Day 3 – 86 km – Was excited to get to bed at an early hour last night, but dismayed when I was woken up by a downpour at around midnight. With this type of rain it becomes deafening inside of my tent – not to mention the thunder and lightning accompaniment. Things died down after a little, and I was able to fall back asleep, but it wasn’t a restful sleep or a particularly easy morning to get up. That was until I heard Sarge yell “Honey, I’m home!”, and burst out laughing. We had been without him since the border crossing as he was surprisingly told that he could not enter without a visa – costing him his EFI in the process. His unique mix of reggae, Bee Gees, Celine Dion , and Journey blasting from the bike I did not miss – but its funny how any one person can be so missed in camp and on the bike after just a few days.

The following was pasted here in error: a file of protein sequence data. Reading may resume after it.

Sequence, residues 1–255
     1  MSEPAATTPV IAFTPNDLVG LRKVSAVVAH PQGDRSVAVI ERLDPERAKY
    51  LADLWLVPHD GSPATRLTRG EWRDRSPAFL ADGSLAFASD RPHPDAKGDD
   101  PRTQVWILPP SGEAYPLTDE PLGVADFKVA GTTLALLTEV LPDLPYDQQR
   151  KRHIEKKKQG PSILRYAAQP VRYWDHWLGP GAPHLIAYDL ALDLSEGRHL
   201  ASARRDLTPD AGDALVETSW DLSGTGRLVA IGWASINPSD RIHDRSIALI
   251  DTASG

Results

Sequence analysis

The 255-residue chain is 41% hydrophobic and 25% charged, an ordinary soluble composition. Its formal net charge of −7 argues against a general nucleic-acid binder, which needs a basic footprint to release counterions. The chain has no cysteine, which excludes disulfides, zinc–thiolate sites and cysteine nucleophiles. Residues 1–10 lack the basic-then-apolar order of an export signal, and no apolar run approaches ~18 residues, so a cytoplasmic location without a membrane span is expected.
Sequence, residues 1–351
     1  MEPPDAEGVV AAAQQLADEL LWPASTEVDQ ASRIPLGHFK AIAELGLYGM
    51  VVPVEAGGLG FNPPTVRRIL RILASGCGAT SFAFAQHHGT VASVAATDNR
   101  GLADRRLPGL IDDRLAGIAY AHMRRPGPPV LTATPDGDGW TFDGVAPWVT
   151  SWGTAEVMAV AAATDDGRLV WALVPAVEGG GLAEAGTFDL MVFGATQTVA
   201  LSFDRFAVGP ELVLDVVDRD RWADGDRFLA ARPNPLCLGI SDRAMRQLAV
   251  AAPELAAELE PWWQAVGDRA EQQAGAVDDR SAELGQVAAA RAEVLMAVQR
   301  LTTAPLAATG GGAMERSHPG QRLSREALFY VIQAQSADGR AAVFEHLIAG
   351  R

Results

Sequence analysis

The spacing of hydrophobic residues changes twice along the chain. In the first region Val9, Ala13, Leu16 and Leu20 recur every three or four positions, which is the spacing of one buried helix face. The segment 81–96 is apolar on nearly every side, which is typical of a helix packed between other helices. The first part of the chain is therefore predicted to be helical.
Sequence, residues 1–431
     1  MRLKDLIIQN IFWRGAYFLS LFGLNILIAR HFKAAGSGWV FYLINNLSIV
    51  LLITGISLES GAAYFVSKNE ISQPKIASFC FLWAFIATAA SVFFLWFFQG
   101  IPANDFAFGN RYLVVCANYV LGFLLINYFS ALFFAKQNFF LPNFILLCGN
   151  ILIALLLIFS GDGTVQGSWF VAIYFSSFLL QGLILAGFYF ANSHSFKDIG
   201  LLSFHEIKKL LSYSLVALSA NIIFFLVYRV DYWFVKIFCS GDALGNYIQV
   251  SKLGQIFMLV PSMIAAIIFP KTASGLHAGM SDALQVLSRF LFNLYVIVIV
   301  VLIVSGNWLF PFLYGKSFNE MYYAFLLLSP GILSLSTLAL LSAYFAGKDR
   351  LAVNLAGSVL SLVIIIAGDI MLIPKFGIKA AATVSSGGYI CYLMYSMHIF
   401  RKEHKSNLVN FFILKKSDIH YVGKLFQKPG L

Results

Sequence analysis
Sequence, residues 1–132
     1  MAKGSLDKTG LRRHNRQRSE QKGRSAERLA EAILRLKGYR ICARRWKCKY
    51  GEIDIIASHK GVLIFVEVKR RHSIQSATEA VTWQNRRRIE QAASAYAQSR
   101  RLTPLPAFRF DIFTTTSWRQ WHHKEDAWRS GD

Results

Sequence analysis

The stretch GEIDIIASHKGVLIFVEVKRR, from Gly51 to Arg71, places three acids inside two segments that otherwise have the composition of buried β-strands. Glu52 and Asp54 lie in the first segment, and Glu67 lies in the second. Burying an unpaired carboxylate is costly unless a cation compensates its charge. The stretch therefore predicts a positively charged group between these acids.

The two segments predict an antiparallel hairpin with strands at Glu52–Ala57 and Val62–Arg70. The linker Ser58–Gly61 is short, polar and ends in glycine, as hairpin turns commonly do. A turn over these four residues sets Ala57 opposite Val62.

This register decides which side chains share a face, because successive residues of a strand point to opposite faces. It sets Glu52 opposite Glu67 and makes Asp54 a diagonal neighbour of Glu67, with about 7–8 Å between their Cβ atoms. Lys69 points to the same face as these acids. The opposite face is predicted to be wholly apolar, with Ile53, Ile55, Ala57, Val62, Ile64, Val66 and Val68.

Decided to try our luck at the bakery again for breakfast, and was rewarded with a large piece of that delicious apple pie and coffee. As Christina and I lounged and had breakfast, we didn’t realize that everyone else had taken off, with the exception of those riding the truck. So, nearly two hours after the others started, we pulled out of camp with sweep. It was a much longer day that it should have been, judging by the distance alone – we fought headwinds, and a brutal stormfront which decided to settle right over us with it’s gray, menacing darkness and lightning. The rain here is something of an anomaly – there has been more rain in the first three months of this year, than the last three years combined.